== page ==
24 hours after my blog post of yesterday, I’ve been thinking.
It was a wonderful vision, but how on Earth can we get there?
To fuel the fire, I had a twitter chat with the expert herself in Kristin Alford, who is used to to looking forwards to scenarios of the future.
This is what she said:
I read that, got me thinking. But I’m wondering whether all that knowledge and choice is just hard work? #bigsci13
Why not make our systems so those are the default options as per @TimJarvisAM’s opt-out suggestion. #bigsci13
Wouldn’t system change rather than knowledge be more effective in changing health and sustainability? #bigsci13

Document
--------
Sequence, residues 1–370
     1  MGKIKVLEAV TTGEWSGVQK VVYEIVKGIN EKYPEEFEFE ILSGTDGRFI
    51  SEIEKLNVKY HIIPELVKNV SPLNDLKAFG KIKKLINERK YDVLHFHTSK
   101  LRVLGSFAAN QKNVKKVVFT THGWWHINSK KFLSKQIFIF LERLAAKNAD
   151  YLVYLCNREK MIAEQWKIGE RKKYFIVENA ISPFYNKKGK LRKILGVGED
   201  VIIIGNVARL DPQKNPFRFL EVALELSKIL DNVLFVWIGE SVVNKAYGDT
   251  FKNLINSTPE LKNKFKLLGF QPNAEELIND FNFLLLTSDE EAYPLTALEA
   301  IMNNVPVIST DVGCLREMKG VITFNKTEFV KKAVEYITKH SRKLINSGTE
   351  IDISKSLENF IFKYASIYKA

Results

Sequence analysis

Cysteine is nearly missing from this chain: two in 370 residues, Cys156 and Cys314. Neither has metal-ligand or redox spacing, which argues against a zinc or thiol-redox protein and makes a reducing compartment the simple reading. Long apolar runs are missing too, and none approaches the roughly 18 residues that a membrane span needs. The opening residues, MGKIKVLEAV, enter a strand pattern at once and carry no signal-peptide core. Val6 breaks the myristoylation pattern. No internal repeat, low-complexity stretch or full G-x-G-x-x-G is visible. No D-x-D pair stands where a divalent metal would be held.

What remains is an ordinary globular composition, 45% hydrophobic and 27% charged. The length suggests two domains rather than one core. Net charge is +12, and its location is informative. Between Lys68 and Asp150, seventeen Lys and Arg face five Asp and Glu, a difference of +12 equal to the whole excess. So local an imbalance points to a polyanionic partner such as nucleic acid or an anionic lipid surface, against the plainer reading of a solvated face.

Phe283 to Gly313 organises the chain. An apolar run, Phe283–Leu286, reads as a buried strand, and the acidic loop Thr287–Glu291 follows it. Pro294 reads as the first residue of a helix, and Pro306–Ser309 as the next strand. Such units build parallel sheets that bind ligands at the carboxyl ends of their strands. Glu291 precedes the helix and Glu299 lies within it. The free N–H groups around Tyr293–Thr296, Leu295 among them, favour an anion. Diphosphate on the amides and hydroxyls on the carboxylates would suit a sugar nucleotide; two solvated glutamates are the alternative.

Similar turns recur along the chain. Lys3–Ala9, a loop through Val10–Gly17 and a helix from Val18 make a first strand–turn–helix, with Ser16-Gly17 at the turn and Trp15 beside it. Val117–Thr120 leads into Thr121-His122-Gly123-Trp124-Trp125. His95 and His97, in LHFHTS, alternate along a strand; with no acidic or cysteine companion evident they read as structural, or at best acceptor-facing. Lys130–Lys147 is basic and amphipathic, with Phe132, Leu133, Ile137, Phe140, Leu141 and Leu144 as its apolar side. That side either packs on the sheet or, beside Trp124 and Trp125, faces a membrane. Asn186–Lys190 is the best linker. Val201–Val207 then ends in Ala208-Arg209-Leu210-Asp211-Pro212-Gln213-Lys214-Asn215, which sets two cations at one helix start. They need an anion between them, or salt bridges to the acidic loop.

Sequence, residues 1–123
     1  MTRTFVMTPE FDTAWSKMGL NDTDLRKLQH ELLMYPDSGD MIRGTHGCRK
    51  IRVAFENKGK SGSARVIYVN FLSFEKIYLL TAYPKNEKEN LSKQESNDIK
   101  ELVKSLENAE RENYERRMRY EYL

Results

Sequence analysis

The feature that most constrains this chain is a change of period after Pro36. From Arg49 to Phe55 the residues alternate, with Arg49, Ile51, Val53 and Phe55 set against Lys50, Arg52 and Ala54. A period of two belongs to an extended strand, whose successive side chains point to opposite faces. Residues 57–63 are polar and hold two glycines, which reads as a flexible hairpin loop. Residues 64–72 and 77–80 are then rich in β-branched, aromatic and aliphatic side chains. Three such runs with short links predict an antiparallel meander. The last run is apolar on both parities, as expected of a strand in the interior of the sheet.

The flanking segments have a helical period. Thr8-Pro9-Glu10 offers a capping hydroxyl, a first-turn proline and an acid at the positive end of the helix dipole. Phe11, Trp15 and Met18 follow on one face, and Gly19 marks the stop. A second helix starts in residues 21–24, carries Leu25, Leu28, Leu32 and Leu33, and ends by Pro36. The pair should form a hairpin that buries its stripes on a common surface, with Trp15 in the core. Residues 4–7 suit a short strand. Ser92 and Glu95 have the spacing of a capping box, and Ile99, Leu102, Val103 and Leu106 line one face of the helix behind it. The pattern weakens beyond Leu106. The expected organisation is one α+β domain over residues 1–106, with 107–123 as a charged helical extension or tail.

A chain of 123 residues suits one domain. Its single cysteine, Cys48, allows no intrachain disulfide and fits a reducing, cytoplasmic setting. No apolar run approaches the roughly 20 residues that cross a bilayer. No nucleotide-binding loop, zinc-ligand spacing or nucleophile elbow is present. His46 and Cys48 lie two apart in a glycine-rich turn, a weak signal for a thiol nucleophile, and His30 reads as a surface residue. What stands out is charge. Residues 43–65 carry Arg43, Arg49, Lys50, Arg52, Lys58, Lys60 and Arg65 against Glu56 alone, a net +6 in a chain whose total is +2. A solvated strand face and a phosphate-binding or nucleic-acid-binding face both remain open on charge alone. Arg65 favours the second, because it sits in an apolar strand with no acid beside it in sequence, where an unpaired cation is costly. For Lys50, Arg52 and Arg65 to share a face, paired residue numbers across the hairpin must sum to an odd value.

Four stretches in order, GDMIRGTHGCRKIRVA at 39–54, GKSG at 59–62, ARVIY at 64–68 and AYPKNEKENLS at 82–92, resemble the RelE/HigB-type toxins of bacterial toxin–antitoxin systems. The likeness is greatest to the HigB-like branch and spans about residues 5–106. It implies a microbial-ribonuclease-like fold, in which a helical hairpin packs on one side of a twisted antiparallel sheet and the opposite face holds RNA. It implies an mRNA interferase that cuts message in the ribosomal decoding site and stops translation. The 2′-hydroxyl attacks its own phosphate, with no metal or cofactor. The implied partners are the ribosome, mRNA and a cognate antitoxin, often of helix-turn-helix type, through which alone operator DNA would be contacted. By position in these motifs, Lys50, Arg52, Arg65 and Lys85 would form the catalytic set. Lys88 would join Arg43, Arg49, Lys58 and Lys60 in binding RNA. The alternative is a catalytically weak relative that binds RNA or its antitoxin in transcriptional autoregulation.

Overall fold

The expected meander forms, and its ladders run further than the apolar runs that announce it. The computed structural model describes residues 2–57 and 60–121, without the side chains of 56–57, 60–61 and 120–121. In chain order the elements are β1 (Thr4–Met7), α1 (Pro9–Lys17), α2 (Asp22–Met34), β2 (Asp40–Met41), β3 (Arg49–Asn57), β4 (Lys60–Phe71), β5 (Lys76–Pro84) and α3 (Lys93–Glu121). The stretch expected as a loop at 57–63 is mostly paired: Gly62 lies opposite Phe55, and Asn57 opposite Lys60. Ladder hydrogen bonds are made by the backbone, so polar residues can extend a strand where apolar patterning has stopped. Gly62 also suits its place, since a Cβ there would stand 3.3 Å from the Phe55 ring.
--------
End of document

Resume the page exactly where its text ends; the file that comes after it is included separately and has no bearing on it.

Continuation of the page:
Her point is that it’s no good hammering our communities of people with scientific and health information if it’s just too damned hard for them to act on.
(Thinking of climate change, anyone?)
Kristin mentions Tim Jarvis in the conversation above as a result of his presentation at TEDxAdelaide in 2010, in which he asked:
Why is it that we have to opt in to environmentally-friendly plans in our home energy packages?
Why is it that legislation is not in place to make environmental choices the default position? Consumers can then opt out if they feel motivated to do so.
So, to reflect on the original question of ‘What does science communication look like if it’s successful?’, the answer is perhaps ‘it is reflected in the guidelines and systems in which our societies operate.’
And hence to a new question: How can we make our cities and communities and government policies structured to reflect current scientific evidence, and to easily incorporate new evidence as it emerges?
Oh man, I think you’ll just have to go and ask Kristin.